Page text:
Developing a Portfolio of Therapeutics to Combat the Rising Threat of Infectious Diseases
Infectious disease ranks as the third leading cause of death in the United States and the leading cause of death worldwide. The worldwide market for anti-infectives is estimated at over $66 billion with anti-bacterials the largest class of drugs in this market with annual sales of approximately $42 billion in 2009. Due to the lack of new drug development in this field, the pipeline of new antibiotics is limited with most late state clinical trial candidates being derivatives of existing classes of antibiotics.
The discovery of novel antibiotics has proven difficult resulting in a steady decline in therapeutic options since bacteria have become increasingly resistant to the currently available classes of antibiotics. According to the Centers for Disease Control and Prevention, the number of hospital acquired infections resistant to at least one antibiotic is almost 70% and those resistant to three antibiotics almost 40%. Methicillin resistant Staphylococcus aureus (MRSA) has become a major public health issue resulting in the closing of several public schools for cleaning and demonstrating that this is a problem no longer restricted to hospitals. In addition, according to the World Health Organization, almost one-third of the world population is infected with mycobacterium tuberculosis of which an estimated 5% is resistant to most antibiotics. No other factor highlights the need for a greater effort into the research and development of novel anti-bacterial compounds than the ever increasing ability of bacteria to rapidly acquire resistance to current and new derivatives of existing antibiotics. The recent identification of a strain of Streptococcus resistant to more than 18 different antibiotics highlights this fact and the obvious need for novel anti-infective compounds like bisphosphocins.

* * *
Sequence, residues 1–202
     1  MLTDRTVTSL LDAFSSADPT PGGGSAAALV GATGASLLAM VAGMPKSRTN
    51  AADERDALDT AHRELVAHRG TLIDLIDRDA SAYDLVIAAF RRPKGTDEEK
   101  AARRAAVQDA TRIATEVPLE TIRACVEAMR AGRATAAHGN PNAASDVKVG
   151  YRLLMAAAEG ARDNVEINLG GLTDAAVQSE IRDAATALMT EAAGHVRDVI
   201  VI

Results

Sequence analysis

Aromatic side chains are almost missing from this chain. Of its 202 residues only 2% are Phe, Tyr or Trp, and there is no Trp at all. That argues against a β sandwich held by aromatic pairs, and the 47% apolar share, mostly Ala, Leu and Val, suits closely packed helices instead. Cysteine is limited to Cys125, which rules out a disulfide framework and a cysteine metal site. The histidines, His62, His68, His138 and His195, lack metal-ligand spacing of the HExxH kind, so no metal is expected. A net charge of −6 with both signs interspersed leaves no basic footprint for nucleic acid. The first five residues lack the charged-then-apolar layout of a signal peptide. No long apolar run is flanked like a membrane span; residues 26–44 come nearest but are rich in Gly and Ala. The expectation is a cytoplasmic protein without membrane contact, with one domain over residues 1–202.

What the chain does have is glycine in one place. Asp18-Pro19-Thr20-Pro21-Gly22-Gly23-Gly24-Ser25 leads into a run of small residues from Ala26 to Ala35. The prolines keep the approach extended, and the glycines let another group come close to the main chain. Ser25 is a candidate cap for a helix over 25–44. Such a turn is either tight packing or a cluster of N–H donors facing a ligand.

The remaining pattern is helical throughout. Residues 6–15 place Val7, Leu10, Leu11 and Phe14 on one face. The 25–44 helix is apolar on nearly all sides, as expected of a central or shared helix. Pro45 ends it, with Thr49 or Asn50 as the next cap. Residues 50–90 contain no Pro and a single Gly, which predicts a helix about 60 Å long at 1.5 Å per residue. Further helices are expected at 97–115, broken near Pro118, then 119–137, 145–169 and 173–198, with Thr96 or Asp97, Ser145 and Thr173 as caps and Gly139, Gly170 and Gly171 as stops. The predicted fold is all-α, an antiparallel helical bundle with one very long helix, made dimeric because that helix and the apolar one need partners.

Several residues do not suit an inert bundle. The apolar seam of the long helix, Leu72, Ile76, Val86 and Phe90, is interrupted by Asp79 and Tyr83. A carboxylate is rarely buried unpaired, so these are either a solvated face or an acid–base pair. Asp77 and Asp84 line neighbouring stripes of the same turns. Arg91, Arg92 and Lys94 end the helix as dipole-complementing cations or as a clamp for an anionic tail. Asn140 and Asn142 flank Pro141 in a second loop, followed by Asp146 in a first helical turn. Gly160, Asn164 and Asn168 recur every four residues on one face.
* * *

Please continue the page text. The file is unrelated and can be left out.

In addition, the emergence of diseases such as SARS and West Nile Virus, the H1N1 Influenza outbreak and the re-emergence of the lethal H5N1 “avian flu” plus increased resistance of organisms to existing therapies, combined with the increased prevalence of food-borne diseases such as E.coli O157:H7 have highlighted the lack of effective therapeutics and/or vaccines to combat many of these diseases. In addition, many experts believe that it is only a matter of time before one of these more virulent pathogens becomes more readily transmissible to humans resulting in a worldwide pandemic or is used as a bioterrorist weapon.In fact, in 2012 a Dutch research organization in collaboration with a US university genetically re-engineered the lethal H5N1 influenza type A virus to make it easily transmissible between humans. The intent of this research was to better understand the mechanisms of transmission of such viruses. Such a virus could develop through the natural pathway of mutations which would almost certainly cause an epidemic causing a major world health crisis.
The opportunity for novel anti-infectives is massive, the need is unmet and the healthcare community is desperate for new therapeutics. Lakewood-Amedex is poised to capitalize on this opportunity and capture a leadership position in the development of novel pharmaceuticals for the treatment of a wide range of infectious disease.